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  9.  13
    Experiential Learning Within and Without Philosophy.Andrew M. Winters - 2018 - American Association of Philosophy Teachers Studies in Pedagogy 4:1-14.
    Philosophy has made substantive contributions to education, going at least as far back as to well-known figures such as Plato and Aristotle. Along with disciplines like psychology and sociology, philosophy has helped shape some of the core features of experiential learning. The central aim of the present introduction is to illustrate how developments in experiential learning are the result of contributions from both within and without philosophy. Some secondary goals include discussing the historical and contemporary developments in experiential learning as (...)
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  10.  6
    I Am Not Who I Used to Be, But Am I Me?Andrew M. Winters - 2017 - In Tom Sparrow & Jacob Graham (eds.), True Detective and Philosophy. New York: Wiley. pp. 108–119.
    Rustin Cohle, or Rust, is identifiable as being one character by looking at the script of True Detective and seeing the lines of text that only Rust will say. It would appear that the brute physicalist account is not sufficient for understanding how there are three different Rusts while each possesses many of the same physical characteristics as the others. In fact, one identifies at least three distinct non‐identical Rusts namely: Taxman, Belligerent, and Patient. Since they are mental instantiations and (...)
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  11.  9
    Man is the Most Dangerous Animal of All.Andrew M. Winters - 2010-09-24 - In Fritz Allhoff & S. Waller (eds.), Serial Killers ‐ Philosophy for Everyone. Wiley‐Blackwell. pp. 15–28.
    This chapter contains sections titled: A Philosophical Gaze into the Writings of the Zodiac Killer Who is the Zodiac Killer? Peek‐A‐Boo: You Are Doomed! This is the Zodiac Speaking Conclusion.
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  12.  35
    Not So Exceptional: Away from Chomskian Saltationism and Towards a Naturally Gradual Account of Mindfulness.Andrew M. Winters & Alex Levine - 2013 - In Liz Swan (ed.), Origins of Mind. pp. 289--299.
    It is argued that a chief obstacle to a naturalistic explanation of the origins of mind is human exceptionalism, as exempli fi ed in the seventeenth century by René Descartes and in the twentieth century by Noam Chomsky. As an antidote to human exceptionalism, we turn to the account of aesthetic judgment in Charles Darwin’s Descent of Man , according to which the mental capacities of humans differ from those of lower animals only in degree, and not in kind. Thoroughgoing (...)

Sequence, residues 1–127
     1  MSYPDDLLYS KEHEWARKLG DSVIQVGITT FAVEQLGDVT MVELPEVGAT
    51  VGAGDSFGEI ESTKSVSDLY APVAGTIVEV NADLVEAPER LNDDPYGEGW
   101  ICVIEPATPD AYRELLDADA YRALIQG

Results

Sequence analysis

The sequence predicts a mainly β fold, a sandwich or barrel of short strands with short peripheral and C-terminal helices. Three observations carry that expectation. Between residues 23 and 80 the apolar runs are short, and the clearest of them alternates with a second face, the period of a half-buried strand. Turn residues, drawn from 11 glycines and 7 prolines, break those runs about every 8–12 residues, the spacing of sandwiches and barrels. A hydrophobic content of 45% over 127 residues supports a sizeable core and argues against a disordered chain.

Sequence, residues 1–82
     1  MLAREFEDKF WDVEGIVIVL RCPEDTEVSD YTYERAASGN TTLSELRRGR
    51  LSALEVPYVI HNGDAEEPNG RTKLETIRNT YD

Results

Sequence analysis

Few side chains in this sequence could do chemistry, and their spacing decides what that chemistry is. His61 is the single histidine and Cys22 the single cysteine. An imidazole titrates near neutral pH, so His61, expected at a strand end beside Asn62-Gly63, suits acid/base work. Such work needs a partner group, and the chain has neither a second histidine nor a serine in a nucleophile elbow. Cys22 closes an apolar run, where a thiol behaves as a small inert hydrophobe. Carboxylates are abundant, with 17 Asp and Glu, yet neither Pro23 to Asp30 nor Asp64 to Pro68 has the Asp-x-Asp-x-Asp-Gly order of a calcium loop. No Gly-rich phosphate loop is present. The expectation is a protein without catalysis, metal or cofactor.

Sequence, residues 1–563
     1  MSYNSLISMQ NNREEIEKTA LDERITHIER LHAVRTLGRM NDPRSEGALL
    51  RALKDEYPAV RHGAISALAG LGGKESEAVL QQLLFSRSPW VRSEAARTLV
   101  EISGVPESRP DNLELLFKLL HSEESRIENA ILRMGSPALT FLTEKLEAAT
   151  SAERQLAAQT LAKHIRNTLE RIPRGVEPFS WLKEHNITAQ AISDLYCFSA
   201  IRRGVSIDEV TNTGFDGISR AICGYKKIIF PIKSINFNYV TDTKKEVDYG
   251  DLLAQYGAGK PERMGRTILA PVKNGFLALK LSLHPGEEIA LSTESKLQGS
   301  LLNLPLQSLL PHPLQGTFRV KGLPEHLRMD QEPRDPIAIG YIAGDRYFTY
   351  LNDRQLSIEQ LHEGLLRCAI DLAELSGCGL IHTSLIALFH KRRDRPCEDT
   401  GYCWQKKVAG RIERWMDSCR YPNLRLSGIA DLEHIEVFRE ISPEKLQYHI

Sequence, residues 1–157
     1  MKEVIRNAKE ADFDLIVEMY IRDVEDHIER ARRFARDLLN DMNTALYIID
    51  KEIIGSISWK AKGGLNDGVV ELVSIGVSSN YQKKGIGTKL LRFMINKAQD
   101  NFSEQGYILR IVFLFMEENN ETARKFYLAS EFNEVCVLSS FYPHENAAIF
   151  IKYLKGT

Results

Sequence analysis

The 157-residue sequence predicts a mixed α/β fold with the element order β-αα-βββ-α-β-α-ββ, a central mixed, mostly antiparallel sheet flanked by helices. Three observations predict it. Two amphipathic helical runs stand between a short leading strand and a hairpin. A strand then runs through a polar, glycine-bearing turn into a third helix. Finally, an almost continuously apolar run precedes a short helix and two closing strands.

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  13.  15
    The Evolvability of Evolutionary Theories: A Reply to Denis Noble.Andrew M. Winters - 2021 - Biosemiotics 14 (3):669-673.
    In this commentary on Denis Noble’s “The Illusions of the Modern Synthesis,” I discuss three illusions he argues exist within the Modern Synthesis. These illusions have the common theme of attempting to identify the correct way of understanding and describing biological systems. I agree with much of Noble’s claims, but offer the language of developmental systems theory as a friendly tool for moving the project forward.
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  14.  10
    Moving Beyond Unification and Modeling: A Reconsideration of Radically Naturalized Metaphysics.Andrew M. Winters - 2016 - Lato Sensu: Revue de la Société de Philosophie des Sciences 3 (1):52-58.
    Ontic structural realists Ladyman and Ross endorse the view that the only metaphysical tasks worth pursuing are to unify the sciences and model the objective structure of reality. This form of radically naturalized metaphysics, however, depends upon the principle of naturalistic closure. In this paper I argue that the principle of naturalistic closure is at odds with radically naturalized metaphysics since it is a nonnaturalized metaphysical principle, claiming that radically naturalized metaphysics is not the only form of metaphysics worth doing. (...)